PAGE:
Tourism Ireland appoints new representation in China
Tourism Ireland has appointed new representation in China. With offices in Shanghai, Beijing and Guangzhou, the newly-appointed Travel Link Marketing (TLM) will work with Tourism Ireland to grow the number of Chinese tourists to the island of Ireland from approximately 17,000 (in 2012) to 50,000 per year, over the coming five years.
A China seminar was organised by Tourism Ireland this week, for the increasing number of Irish enterprises interested in growing business from that market. Attendees – who included hoteliers, visitor attractions, golf marketing groups and destination management companies – heard the latest update on the Chinese travel market, information about how the travel distribution system works in China, as well as lots of practical advice and tips about how to promote effectively and ultimately to grow business from this market.
The target geographies for Tourism Ireland in China for 2014 will be: Shanghai in East China, Beijing and Tianjin in North China, Guangzhou in South China and Chengdu in West China. Priorities for next year will include the development of a suite of brand new, tailor-made itineraries to appeal to a wider audience and new segments in China. These will be communicated to potential holidaymakers through Chinese travel agents and tour operators, the influential travel media and through digital promotions, including social media (the dominant social media sites of Sina Weibo and Tencent Weibo will be used to spread the good news about Ireland in China).
Niall Gibbons, CEO of Tourism Ireland, said: “China is an important emerging market and one that Tourism Ireland is committed to growing over the coming years. Due to rapid urbanisation, rising disposable incomes and the relaxation of restrictions on foreign travel, the number of Chinese people travelling overseas has grown by an average of +22% per year since 2000; and forecasts for the next decade suggest an even greater rise. While visitor numbers from China are small, when compared to our established tourism markets, it is important to remember that visitors from China spend more than the average visitor and typically stay longer than visitors from closer-to-home markets.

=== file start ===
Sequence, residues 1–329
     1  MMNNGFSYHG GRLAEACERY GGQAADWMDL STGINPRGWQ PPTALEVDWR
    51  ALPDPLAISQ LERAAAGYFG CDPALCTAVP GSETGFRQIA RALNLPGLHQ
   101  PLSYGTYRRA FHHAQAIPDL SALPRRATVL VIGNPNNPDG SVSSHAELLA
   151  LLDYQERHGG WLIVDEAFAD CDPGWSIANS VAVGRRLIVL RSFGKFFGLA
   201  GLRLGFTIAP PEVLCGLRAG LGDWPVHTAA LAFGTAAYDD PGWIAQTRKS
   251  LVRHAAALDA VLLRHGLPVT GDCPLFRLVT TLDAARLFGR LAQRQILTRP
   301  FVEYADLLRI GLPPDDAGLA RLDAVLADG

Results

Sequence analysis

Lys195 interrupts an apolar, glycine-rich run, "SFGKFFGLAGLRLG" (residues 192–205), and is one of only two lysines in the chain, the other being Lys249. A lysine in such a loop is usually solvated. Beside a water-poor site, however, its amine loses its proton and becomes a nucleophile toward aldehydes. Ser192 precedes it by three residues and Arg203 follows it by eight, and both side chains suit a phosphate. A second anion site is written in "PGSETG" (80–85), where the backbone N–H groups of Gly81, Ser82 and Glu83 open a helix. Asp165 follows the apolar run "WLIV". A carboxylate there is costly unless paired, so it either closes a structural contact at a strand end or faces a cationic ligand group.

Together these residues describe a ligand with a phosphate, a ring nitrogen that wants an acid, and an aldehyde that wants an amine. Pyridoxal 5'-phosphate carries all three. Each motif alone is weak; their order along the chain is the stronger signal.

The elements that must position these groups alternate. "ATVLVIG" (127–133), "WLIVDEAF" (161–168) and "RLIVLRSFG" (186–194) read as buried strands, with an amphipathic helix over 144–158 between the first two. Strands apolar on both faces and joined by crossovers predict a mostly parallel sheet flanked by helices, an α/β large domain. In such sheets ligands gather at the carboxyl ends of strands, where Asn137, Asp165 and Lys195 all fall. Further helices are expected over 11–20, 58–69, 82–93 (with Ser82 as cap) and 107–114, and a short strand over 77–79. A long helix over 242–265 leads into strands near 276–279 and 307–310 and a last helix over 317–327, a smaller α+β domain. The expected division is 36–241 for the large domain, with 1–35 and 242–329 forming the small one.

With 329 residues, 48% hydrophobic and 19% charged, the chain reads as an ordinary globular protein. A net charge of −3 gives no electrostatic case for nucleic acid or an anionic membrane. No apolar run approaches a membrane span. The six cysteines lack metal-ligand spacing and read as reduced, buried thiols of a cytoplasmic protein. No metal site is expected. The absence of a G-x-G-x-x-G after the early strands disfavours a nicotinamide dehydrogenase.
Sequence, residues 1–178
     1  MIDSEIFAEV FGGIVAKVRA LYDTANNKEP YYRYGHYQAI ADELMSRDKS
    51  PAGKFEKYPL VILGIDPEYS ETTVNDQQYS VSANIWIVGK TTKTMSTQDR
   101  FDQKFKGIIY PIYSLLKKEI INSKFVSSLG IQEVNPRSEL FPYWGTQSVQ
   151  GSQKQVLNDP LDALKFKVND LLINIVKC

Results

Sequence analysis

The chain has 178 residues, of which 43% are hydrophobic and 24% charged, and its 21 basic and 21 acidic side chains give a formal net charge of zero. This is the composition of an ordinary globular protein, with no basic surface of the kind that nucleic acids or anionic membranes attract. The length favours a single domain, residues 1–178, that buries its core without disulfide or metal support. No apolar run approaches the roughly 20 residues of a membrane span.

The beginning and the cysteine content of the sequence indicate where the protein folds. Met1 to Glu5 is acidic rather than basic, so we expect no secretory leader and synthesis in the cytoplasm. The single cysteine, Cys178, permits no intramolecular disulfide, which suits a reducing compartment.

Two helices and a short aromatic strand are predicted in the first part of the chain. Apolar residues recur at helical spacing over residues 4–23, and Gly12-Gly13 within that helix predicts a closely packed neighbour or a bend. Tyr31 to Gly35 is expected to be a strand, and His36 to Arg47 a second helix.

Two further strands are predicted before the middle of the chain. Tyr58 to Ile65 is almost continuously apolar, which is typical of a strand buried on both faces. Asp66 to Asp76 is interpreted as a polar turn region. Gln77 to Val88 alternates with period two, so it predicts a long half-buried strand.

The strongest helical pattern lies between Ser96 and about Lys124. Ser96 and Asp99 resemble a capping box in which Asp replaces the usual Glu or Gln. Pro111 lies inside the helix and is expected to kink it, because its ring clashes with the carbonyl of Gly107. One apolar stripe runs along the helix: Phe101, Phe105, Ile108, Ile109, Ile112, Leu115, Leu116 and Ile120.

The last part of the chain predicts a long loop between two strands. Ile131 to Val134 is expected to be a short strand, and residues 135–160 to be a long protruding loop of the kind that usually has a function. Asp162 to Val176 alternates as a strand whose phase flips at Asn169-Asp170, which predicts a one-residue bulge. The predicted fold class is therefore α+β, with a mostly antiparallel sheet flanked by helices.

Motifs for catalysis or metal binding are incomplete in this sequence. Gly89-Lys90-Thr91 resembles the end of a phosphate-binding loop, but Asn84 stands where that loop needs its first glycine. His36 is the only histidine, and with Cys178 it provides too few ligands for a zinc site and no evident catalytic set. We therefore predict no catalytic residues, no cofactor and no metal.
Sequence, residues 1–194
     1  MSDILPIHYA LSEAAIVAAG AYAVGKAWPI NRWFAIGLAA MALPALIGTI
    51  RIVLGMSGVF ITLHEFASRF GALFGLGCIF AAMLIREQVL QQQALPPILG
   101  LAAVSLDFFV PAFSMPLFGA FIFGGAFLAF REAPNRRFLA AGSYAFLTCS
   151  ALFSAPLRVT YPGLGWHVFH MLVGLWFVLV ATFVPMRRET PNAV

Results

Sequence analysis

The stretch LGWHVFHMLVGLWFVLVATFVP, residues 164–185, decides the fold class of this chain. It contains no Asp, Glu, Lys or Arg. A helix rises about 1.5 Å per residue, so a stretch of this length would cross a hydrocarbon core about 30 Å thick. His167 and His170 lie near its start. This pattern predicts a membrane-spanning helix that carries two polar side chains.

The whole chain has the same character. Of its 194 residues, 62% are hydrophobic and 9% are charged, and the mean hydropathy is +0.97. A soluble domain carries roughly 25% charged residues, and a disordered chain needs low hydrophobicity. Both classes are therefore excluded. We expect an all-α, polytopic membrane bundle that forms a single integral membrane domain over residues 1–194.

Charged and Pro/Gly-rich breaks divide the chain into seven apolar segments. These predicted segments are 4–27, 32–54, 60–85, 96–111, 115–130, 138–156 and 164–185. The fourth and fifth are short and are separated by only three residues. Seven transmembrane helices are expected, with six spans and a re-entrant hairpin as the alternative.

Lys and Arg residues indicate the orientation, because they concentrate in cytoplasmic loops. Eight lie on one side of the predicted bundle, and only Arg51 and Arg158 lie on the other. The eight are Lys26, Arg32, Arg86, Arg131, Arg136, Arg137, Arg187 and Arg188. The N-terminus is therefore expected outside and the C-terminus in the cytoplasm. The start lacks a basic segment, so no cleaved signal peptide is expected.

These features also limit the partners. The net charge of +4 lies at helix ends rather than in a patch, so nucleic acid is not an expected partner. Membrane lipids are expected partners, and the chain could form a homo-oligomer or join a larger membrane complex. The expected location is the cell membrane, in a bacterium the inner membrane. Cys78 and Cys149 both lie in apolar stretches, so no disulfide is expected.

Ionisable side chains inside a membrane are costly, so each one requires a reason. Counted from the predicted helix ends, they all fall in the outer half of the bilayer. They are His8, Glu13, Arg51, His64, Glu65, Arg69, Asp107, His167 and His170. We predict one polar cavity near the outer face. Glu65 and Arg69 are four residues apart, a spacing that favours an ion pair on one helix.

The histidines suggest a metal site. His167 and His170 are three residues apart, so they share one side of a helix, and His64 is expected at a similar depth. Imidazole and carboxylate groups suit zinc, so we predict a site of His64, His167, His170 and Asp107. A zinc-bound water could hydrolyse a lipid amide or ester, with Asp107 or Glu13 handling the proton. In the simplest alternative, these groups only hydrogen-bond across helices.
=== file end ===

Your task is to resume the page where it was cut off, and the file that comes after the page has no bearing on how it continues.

“I am delighted that so many of our tourism industry partners from right around the island of Ireland signed up to attend our China seminar; it is really encouraging to have such commitment and interest in the market. We see the relationship between our industry partners here and the Chinese travel trade as being absolutely critical in helping us to realise the potential of the market. The seminar provides our partners with a greater understanding of the Chinese market just when they are planning for the rest of 2013 and for 2014.”
Outbound travel from China has grown at an exceptionally high rate over recent years, with the number of international trips growing from 10 million in 2000 to 83 million in 2012; and forecasts for the next decade suggest an even greater rise. China is now the third most lucrative outbound travel market in the world, with Chinese people spending US$72.6 billion per year on travel (according to the United Nations World Tourism Organisation), a growth of +400% over the past decade. The UNWTO forecasts that 100 million outbound trips will be made by 2015. Whilst the majority of Chinese people travel within Asia, there has been significant growth in long-haul travel over the past five years, most notably to destinations like France, Germany and the United States.